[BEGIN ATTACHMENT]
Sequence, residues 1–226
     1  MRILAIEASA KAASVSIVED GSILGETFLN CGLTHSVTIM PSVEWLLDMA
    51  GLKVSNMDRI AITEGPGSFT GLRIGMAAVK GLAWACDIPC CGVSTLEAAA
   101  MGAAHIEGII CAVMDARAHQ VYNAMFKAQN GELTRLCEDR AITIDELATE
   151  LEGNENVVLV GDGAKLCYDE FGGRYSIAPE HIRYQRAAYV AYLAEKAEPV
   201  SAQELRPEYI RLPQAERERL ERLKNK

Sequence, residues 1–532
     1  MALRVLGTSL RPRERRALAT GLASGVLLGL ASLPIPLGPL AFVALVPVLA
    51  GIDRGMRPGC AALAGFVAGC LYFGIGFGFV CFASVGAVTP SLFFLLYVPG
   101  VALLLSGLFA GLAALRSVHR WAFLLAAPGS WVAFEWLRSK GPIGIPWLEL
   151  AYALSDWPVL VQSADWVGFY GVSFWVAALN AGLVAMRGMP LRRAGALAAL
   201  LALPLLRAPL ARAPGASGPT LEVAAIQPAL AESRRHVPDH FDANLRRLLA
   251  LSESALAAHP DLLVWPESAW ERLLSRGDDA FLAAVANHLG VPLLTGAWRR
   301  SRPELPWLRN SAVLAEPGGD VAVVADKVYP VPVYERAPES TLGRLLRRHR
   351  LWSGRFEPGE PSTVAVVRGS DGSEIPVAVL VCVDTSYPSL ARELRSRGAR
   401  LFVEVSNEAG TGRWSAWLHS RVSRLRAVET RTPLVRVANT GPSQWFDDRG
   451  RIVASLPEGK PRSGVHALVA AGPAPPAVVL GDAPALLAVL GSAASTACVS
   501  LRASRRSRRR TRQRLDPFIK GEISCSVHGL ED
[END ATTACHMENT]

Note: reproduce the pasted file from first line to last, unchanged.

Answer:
Sequence, residues 1–226
     1  MRILAIEASA KAASVSIVED GSILGETFLN CGLTHSVTIM PSVEWLLDMA
    51  GLKVSNMDRI AITEGPGSFT GLRIGMAAVK GLAWACDIPC CGVSTLEAAA
   101  MGAAHIEGII CAVMDARAHQ VYNAMFKAQN GELTRLCEDR AITIDELATE
   151  LEGNENVVLV GDGAKLCYDE FGGRYSIAPE HIRYQRAAYV AYLAEKAEPV
   201  SAQELRPEYI RLPQAERERL ERLKNK

Sequence, residues 1–532
     1  MALRVLGTSL RPRERRALAT GLASGVLLGL ASLPIPLGPL AFVALVPVLA
    51  GIDRGMRPGC AALAGFVAGC LYFGIGFGFV CFASVGAVTP SLFFLLYVPG
   101  VALLLSGLFA GLAALRSVHR WAFLLAAPGS WVAFEWLRSK GPIGIPWLEL
   151  AYALSDWPVL VQSADWVGFY GVSFWVAALN AGLVAMRGMP LRRAGALAAL
   201  LALPLLRAPL ARAPGASGPT LEVAAIQPAL AESRRHVPDH FDANLRRLLA
   251  LSESALAAHP DLLVWPESAW ERLLSRGDDA FLAAVANHLG VPLLTGAWRR
   301  SRPELPWLRN SAVLAEPGGD VAVVADKVYP VPVYERAPES TLGRLLRRHR
   351  LWSGRFEPGE PSTVAVVRGS DGSEIPVAVL VCVDTSYPSL ARELRSRGAR
   401  LFVEVSNEAG TGRWSAWLHS RVSRLRAVET RTPLVRVANT GPSQWFDDRG
   451  RIVASLPEGK PRSGVHALVA AGPAPPAVVL GDAPALLAVL GSAASTACVS
   501  LRASRRSRRR TRQRLDPFIK GEISCSVHGL ED